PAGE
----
This is something I’ve been thinking of lately.  I have been thinking of talking to my doctor to wean myself off my antidepressants.  I feel that it’s not helping really.  Plus, since Ive changed medications… my appetite has been out of control.  And I know I’ve gained weight.  So who knows what’s going on with my body.

Certain herbs, vitamins, and other supplements can also have very powerful hormonal effects — especially when combined with any meds prescribed by your doctor. So if you don’t tell your doctor you’re taking them, you risk doing some real damage to your endocrine system.

Cigarettes

Okay, here’s a no-brainer: Smoking is bad for you. But you probably never suspected some of the ways in which it’s bad. This destructive little habit affects a slew of endocrine glands — pituitary, thyroid, adrenals, testicles, and ovaries — in addition to the lungs, heart, brain, and, oh yeah, every other cell in your body.

To give you a breakdown of the metabolic risks, smoking helps cause insulin resistance and drives up your cortisol levels. It can make you infertile and throw your body into menopause years before your time. Smoking is also a huge risk factor for problems with your thyroid.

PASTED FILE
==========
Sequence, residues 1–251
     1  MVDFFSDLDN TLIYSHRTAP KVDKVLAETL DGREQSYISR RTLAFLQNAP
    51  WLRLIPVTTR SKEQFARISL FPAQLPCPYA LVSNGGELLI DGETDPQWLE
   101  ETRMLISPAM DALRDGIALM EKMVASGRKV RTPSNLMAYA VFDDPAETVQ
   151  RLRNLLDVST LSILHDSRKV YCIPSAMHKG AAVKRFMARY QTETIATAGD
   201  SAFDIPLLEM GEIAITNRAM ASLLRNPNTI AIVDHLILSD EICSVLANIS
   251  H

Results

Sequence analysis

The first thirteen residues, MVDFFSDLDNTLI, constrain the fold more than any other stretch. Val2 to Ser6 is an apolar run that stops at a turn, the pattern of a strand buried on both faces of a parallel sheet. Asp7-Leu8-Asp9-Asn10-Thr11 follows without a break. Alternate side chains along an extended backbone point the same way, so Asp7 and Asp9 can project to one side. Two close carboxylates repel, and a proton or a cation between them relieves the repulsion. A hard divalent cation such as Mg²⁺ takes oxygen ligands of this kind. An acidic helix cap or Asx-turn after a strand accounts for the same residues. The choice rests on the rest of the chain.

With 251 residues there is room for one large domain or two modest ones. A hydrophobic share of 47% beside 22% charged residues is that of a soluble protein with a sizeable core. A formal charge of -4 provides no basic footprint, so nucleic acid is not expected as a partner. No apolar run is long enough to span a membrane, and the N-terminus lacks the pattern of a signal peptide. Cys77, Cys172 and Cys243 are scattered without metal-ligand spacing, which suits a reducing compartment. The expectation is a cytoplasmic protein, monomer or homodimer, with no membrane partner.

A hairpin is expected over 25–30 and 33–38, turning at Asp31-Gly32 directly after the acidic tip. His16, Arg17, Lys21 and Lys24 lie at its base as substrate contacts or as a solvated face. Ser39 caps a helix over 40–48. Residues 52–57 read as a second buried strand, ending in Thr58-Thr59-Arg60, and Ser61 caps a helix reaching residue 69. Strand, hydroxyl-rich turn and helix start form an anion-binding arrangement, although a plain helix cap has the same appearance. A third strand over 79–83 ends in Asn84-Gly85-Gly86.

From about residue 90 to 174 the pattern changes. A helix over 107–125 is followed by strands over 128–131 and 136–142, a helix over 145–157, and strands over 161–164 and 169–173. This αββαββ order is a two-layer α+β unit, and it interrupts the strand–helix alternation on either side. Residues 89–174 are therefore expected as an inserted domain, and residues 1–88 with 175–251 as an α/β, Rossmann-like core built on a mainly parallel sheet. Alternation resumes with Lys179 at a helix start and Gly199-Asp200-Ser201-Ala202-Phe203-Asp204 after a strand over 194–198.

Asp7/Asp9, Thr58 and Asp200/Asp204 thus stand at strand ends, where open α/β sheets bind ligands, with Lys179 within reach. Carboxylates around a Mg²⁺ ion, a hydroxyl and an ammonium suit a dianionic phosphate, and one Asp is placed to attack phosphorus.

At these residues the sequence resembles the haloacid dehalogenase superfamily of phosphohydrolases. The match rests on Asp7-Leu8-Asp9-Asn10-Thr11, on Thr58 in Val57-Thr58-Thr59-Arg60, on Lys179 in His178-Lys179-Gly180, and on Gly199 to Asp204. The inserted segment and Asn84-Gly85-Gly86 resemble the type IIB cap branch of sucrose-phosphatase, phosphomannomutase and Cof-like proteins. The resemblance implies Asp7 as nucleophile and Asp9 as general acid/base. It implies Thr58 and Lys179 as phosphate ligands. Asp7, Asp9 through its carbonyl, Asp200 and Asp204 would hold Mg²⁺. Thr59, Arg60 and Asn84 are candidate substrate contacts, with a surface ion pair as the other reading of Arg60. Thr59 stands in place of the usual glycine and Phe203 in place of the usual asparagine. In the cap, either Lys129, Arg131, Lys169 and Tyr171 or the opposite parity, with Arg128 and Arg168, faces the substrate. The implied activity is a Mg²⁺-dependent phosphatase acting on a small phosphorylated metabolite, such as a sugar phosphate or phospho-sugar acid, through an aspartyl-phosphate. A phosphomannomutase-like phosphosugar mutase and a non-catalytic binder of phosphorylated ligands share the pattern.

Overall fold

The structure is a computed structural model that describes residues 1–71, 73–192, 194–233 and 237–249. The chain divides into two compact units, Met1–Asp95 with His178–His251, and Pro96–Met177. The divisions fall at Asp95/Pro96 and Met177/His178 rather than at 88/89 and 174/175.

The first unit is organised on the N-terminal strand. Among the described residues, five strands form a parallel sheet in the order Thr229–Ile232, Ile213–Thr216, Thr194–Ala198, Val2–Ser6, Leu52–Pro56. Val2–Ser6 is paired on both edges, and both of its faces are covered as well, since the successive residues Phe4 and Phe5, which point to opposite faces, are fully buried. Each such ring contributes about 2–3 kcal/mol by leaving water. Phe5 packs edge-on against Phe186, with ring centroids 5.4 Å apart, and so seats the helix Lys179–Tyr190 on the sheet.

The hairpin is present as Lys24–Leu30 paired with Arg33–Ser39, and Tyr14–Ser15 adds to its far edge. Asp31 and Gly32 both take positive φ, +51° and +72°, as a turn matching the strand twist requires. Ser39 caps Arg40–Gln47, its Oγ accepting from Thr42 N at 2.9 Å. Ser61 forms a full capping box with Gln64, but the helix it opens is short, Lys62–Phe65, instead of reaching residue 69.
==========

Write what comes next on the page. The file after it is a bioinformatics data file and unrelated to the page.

Think quitting will make you fat? I have news for you: Smoking fills your body with a number of pollutants that not only won’t help you lose weight but will make you fat. Seriously, people, just don’t do it.

A Super-sized Culture

The final factor on our list of hormone disruptors, and a reason that’s often cited for our society’s excess pounds, is the idea that more is good and bigger is better when it comes to food.

There’s no denying that we’re struggling with an environment that conspires to make and keep us fat. Restaurant portion sizes have increased 500 percent since the 1970s. On average, the typical American eats about 23 pounds of candy and drinks 35 gallons of regular pop a year. Add to these statistics remote controls, a few million TV channels, Internet addictions, longer commutes, extended workweeks, no sidewalks, drive-throughs, supersizing… and you can see why we’re a nation filled with overweight children and adults.

And this epidemic of “too much” isn’t just a harmless symptom of our supposedly greedy appetites. I want you to see this caloric excess as a highly profitable, corporately sanctioned endocrine disruptor every bit as disturbing as the pesticides and pharmaceuticals you’re putting into your body.